Consumption of cruciferous vegetables and glucosinolates in a Spanish adult population.
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Dolores Chirlaque, M.
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AbstractOBJECTIVE: To assess the intake of glucosinolates and cruciferous vegetables among Spanish adults. DESIGN: Cross-sectional analysis of a prospective cohort study. SETTING: The Spanish cohort of the European Prospective Investigation into Cancer and Nutrition (EPIC). Subjects: We analysed data from 40 684 men and women aged 35-64 years from the EPIC-Spain cohort. The usual diet was assessed by means of the dietary history method, and glucosinolate intake was calculated using a published food composition database. RESULTS: The average intake of cruciferous vegetables was 11.3 g/day, accounting for about 5% of total vegetable consumption, whereas the daily intake of total glucosinolates was 6.5 mg, among which 35% were of indole type. The absolute intake of glucosinolates was in average higher in men than in women (6.8 vs 6.2 mg/day), whereas glucosinolate density per energy unit was higher in women's diet (3.4 vs 2.7 mg/4200 kJ). Northern regions consumed in average 36% more glucosinolates than Southern regions (7.3 vs 5.4 mg/day). There was a positive association of glucosinolate intake with body mass index, physical activity, educational level and an inverse relationship with alcohol consumption. CONCLUSIONS: Contrary to the pattern seen for total vegetable intake, our estimate of consumption of cruciferous vegetables, and hence of glucosinolates, is relatively low within Europe, which in turn is lower than in North America and several Asian populations.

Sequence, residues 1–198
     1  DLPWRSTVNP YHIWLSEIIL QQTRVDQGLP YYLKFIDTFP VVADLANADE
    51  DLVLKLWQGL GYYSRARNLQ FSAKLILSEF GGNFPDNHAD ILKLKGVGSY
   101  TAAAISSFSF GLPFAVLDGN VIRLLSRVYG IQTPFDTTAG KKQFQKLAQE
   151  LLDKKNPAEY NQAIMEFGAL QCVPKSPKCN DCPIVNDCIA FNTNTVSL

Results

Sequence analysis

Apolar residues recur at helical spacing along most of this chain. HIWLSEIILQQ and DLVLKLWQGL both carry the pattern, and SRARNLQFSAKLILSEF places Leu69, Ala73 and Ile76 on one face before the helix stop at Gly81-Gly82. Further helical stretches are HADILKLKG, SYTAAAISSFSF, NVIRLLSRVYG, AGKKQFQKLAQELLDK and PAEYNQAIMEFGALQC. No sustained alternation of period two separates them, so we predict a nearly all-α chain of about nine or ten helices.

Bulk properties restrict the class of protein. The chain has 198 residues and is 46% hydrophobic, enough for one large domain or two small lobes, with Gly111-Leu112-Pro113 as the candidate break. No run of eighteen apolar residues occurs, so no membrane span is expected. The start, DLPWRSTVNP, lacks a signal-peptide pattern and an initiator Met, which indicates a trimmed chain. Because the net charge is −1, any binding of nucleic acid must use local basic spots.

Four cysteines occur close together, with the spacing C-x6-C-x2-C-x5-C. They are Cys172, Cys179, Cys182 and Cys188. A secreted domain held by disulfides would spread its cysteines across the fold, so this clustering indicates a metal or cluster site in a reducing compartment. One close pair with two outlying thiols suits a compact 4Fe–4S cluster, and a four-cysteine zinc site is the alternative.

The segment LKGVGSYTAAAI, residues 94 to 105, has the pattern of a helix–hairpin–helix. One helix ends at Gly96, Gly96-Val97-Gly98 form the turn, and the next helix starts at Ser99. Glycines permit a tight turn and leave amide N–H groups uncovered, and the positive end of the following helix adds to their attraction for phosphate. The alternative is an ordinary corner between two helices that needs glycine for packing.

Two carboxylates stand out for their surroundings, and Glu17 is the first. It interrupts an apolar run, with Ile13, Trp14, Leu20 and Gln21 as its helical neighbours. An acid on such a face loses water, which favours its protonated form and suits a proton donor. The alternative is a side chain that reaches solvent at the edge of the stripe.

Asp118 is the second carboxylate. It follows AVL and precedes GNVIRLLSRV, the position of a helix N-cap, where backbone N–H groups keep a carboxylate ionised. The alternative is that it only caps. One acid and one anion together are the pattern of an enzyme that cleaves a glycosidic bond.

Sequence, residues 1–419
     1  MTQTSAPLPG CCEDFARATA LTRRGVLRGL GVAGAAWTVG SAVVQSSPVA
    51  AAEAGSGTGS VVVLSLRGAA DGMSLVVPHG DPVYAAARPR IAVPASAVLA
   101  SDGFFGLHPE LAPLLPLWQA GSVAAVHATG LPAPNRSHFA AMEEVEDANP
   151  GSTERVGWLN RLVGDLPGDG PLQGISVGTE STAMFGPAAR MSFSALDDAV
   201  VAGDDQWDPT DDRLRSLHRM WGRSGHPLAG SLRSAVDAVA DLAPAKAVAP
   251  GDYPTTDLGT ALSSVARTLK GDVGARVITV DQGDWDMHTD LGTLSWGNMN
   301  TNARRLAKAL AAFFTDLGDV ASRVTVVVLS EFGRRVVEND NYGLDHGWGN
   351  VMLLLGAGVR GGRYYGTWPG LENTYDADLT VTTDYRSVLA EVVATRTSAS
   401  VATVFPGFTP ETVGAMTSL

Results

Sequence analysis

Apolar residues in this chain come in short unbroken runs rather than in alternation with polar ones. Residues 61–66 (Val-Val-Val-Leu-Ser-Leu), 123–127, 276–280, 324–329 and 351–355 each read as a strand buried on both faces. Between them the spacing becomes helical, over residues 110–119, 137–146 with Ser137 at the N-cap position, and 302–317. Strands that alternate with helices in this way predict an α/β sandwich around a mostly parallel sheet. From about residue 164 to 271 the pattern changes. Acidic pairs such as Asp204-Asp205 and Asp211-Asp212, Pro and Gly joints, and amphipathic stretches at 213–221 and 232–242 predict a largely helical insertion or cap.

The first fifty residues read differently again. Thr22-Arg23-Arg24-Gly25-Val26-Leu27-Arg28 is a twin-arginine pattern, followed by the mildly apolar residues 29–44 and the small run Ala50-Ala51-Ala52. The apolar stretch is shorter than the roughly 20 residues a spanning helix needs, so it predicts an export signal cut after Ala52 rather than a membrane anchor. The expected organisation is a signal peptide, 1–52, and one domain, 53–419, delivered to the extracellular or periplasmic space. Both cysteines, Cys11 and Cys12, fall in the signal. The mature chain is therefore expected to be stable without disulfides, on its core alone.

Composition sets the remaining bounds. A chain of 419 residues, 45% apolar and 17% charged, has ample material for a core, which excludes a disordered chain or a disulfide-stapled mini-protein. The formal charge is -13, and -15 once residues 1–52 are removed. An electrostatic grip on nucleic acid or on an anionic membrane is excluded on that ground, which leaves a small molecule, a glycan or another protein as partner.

CitationEur. J. Clin. Nutr. 2008, 62 (3):324-331
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